Though Valentine’s Day is the heart-themed holiday for which February is most known, it is also American Heart Month. Amid the boxes of chocolates and candies, Americans are encouraged to check up on their heart health and consider just how much their diets may be having a negative impact.
Beyond the common desire to be thin and in shape, there’s a very serious health issue that is a matter of life or death for many people. According to the Centers for Disease Control & Prevention, cardiovascular disease is the leading cause of death in the United States, with one in every three deaths caused by heart disease or stroke. This equals 2,200 deaths per day. At the national level, there are several campaigns aimed at reversing this unfortunate trend.
The CDC and other federal government agencies have launched an initiative called Million Hearts with the purpose of preventing heart-related deaths and empowering people to make heart-healthy choices. The goal is to prevent one million heart attacks and strokes over five years. According to its web site, http://millionhearts.hhs.gov, Million Hearts “brings together communities, health systems, nonprofit organizations, federal agencies and private-sector partners from across the country to fight heart disease and stroke.” It encourages individuals to understand the risks; exercise for 30 minutes most days of the week; follow a diet high in fruits and vegetables and low in sodium, saturated and trans fats, and cholesterol; and listen to your doctor.
Whereas the Million Hearts initiative might be more appropriate for adults, First Lady Michelle Obama’s Let’s Move program was developed to “solve the epidemic of childhood obesity within a generation.” According to the official Let’s Move web site (www.letsmove.gov), childhood obesity rates in America have tripled over the past three decades, and now nearly one in three children in the U.S. are overweight or obese. Left unchecked, this will lead to an increase in diabetes, with one third of all children born in 2000 or later suffering from diabetes at some point in their lives. Other obesity-related health problems include heart disease, high blood pressure, cancer and asthma.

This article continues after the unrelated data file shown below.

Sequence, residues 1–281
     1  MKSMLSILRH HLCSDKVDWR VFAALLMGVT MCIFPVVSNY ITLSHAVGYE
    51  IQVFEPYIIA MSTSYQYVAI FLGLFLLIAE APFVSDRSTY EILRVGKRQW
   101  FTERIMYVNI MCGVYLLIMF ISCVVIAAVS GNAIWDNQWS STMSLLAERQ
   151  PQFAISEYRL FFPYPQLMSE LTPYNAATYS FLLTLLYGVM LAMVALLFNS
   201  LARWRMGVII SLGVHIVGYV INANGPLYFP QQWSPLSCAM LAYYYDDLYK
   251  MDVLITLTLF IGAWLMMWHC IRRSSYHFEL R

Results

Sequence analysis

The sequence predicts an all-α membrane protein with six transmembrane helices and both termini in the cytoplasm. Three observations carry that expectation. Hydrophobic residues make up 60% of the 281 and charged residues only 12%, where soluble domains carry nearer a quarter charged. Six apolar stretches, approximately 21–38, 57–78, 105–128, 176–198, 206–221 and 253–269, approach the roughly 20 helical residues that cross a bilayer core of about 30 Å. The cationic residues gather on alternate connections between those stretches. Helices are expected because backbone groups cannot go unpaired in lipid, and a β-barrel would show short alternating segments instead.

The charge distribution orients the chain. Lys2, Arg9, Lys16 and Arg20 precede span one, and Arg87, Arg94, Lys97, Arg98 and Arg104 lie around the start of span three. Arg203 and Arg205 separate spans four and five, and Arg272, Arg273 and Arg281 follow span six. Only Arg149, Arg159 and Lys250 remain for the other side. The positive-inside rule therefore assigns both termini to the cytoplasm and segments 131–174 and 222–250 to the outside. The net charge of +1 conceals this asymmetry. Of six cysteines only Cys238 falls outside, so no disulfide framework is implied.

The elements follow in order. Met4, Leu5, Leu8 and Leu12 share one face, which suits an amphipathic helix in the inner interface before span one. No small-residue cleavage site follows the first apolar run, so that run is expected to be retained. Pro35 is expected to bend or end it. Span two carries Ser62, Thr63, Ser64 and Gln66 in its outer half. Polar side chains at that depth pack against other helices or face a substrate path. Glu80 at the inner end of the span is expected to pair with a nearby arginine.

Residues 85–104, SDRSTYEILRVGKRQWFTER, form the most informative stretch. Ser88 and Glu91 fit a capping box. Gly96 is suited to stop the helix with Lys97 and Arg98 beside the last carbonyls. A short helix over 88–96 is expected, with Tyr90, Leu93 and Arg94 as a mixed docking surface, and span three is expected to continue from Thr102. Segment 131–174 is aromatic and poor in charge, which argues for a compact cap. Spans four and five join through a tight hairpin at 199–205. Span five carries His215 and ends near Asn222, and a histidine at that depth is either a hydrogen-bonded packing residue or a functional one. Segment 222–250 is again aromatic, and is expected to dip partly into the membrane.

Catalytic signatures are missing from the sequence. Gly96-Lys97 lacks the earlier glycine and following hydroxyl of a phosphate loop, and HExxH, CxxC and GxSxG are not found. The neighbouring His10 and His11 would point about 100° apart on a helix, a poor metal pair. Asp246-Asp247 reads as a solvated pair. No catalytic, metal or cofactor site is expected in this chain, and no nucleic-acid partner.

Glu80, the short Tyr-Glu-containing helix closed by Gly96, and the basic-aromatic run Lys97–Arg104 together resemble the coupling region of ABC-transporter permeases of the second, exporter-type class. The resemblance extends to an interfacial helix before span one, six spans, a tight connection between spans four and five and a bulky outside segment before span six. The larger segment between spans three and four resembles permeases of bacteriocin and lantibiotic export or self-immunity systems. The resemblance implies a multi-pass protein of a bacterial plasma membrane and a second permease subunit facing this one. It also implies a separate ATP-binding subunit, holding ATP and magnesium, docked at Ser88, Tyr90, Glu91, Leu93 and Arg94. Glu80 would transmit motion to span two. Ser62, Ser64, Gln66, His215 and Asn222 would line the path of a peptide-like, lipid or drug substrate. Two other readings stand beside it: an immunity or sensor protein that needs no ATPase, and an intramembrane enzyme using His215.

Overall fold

You don’t need to belong to a gym to get sufficient cardiovascular exercise. Fortunately, South Florida is conducive to year-round outdoor activity, and our area has several heart trails for people looking for a good cardio workout. Still, regular exercise can only do so much to make up for a poor diet. As Americans continue to explore alternatives to a diet high in red meat and fried foods, more options become available. If you have never shopped at Whole Foods Market, give it a try. Not only is there a wide variety of healthful foods, but the store offers educational literature and regularly hosts cooking events and nutrition lectures.
Unlike diseases that are hereditary or autoimmune in nature, those affecting the heart are largely preventable. If you plan on sharing your heart this Valentine’s Day, take some time to think about the thing you’re sharing. Your loved ones will want you around for many more Valentine’s Day celebrations, so do what is necessary to keep your ticker ticking for years to come.